Connect with us


PUMPELLY: Watkins Glen Debrief

Spencer Pumpelly files latest Sportscar365 debrief after Watkins Glen…

Photo: IMSA

Photo: IMSA

Every race season there are a few weekends I look forward to more than the rest. Don’t get me wrong, I look forward to them all, but a few stand out. Watkins Glen is definitely one of those weekends.

The Glen has it all. It’s located in one of the most beautiful parts of the country, New York’s Finger Lakes Region. The area is home to Watkins Glen State Park, a must visit if you are in town, as well as a number of vineyards, waterfalls, restaurants, and otherwise cool spots to enjoy.

It also has racing history. The Glen was the site of the first post World War Two automobile race in the U.S.

In 1948, Cameron Argetsinger, a Daytona,Ohio-based lawyer who’s family vacationed on Lake Seneca, convinced the town to shut down the public roads and let him have a race.

The course he laid out was a 5.8-mile loop around the State Park and it attracted hundreds of thousands of spectators over the five-year period they raced there.

The track can still be driven today and trust me, it’s quite scary in a modern car at near legal speeds. I couldn’t imagine heading down the mountain into town, at speed, in a 1948 MG TC with no helmet, guard rails, roll cage or seat belt.

Years later Cameron’s son Peter was my first ever racing school instructor, and it was great to see Peter racing in the Lamborghini Blancpain Super Trofeo series last weekend.

The Watkins Glen street race was eventually moved to the current permanent location and through the years, the track has held the U.S. Grand Prix for two decades, and seen everything else from NASCAR to sports cars.

The track itself has the best layout of any track I have ever been to. It’s all fast, all the time, and makes no apologies. The armco is close, the corners are long duration, and the speed is always high.

Think VIR minus Oak Tree or Mosport without the Moss Corner. Modern tracks are the exact opposite. The newest track on the IMSA schedule has six turns under 50 mph where as the Glen only has one that’s under 70! Watkins Glen is a great place to drive, and I wish there were more tracks like it.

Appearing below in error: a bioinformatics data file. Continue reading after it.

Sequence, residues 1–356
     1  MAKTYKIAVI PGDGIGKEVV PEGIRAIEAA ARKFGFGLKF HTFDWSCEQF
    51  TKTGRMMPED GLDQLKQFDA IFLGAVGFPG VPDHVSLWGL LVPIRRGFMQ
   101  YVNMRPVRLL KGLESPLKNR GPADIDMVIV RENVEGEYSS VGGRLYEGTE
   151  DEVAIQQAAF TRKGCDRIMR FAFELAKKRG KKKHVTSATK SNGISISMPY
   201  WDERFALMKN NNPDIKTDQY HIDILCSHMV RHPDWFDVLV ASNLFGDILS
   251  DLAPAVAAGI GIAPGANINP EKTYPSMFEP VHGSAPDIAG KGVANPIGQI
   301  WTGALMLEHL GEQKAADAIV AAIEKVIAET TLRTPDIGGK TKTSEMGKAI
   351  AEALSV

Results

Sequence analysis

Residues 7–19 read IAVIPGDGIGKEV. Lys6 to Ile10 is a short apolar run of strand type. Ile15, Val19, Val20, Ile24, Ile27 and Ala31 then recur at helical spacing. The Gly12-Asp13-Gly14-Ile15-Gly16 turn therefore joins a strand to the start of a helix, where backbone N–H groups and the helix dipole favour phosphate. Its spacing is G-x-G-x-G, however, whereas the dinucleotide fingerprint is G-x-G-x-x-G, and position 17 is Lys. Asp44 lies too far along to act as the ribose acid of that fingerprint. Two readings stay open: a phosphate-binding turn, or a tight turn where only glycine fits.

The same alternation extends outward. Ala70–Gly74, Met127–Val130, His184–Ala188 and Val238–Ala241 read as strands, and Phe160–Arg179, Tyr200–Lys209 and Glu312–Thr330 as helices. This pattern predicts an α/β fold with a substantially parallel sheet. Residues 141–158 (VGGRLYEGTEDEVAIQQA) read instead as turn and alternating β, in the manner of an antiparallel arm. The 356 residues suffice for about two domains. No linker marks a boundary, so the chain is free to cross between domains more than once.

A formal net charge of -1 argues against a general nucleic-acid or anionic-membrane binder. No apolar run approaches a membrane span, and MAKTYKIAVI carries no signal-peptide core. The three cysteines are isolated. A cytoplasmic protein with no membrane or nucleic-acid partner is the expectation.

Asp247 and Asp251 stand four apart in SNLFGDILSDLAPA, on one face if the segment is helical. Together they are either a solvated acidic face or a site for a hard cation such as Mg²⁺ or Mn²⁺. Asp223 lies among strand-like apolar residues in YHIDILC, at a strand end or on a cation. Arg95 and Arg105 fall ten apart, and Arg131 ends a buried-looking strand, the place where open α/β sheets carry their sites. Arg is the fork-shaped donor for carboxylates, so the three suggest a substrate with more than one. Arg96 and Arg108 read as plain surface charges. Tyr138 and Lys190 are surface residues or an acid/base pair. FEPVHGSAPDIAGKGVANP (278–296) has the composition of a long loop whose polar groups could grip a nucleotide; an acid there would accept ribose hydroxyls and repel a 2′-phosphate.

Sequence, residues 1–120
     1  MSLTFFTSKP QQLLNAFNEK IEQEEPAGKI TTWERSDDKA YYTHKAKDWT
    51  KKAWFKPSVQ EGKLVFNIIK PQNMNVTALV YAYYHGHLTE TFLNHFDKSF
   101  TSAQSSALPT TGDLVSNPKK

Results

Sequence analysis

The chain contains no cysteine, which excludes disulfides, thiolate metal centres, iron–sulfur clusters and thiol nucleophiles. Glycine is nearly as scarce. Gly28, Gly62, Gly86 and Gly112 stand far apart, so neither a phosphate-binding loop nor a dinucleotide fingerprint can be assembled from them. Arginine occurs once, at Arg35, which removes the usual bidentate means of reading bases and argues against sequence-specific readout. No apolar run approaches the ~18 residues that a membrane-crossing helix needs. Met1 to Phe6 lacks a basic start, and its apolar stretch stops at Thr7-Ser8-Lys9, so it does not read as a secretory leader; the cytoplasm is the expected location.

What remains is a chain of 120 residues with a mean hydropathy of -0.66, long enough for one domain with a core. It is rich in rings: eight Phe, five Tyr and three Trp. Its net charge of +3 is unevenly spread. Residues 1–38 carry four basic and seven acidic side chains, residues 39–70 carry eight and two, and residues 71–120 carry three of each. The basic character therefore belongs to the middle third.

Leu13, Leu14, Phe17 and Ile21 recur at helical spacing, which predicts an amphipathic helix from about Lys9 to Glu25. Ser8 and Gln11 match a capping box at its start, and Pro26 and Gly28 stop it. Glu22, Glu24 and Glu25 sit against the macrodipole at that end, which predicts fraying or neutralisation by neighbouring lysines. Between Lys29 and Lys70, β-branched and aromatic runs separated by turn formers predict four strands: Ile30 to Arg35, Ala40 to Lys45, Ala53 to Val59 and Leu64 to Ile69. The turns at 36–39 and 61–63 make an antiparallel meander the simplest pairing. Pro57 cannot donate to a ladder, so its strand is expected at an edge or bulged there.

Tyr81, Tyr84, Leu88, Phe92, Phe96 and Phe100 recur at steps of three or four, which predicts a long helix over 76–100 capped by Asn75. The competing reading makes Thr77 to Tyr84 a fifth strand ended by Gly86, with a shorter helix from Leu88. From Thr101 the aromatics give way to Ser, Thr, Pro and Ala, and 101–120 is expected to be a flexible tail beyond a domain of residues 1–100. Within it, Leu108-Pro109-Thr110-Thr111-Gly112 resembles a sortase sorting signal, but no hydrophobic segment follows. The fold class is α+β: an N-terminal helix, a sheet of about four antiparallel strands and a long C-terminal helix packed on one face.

Heading to the Glen each year is exciting enough, but our Rennsport One team had finally gotten to do some much needed testing and we arrived at the track with a better understanding of the chassis. It showed in practice, as we had the fastest lap of the weekend.

The only negative in the lead up to qualifying was the distinct lack of track time. The Continental Sports Car Challenge was only given two, 40-minute sessions. Red flags ate into a lot of that time, making it hard for my co-driver Luis Rodriguez Jr. and I to get laps.

Rain came on race day and our feelings were mixed. We figured our car would be good, but we didn’t know for sure. Luis had also never raced the car in the wet so that was another unknown.

He and I talked about the track and where to drive to find the grip in the wet and boy did he ever heed my advice. He went from 19th to 10th on the first lap!

We stopped just before halfway and I got in the car. Right away I knew the Rennsport One guys had gotten it right. The car was one of the fastest and most stable cars I have ever had in the wet and the times proved it.

When I got in I was 40 seconds off the lead, and after a handful of laps I was up to fourth with the leaders in sight. After two disappointing races it was now looking like things were going to go our way. Or so we hoped.

As all racers know though, nothing is certain until the checkered flag, and even then crazy things have happened (I have lost races in hotel rooms hours after all the crowds had left and the trailers were loaded).

With 40 minutes left, as I was coming out of the toe of the boot, the engine suddenly dropped to idle and the throttle stopped responding. I cycled both the master and ignition but nothing helped. The car did make it slowly to the pits and our guys did a great job of getting us back out in a matter of laps but our hopes of a win were gone.

When I first started racing years and years ago I has a lot of bad racing luck. I will always remember what my father Tom told me those years ago after a weekend similar to this one.

“Racing will sometimes give you something, but it never owes you anything.”

A great reminder after a weekend like ours.

Spencer Pumpelly (@SpencerPumpelly) is one of America's leading GT racers, driving for Change Racing in the IMSA WeatherTech SportsCar Championship and Rennsport One in the Continental Tire SportsCar Challenge.

Click to comment

More in Commentary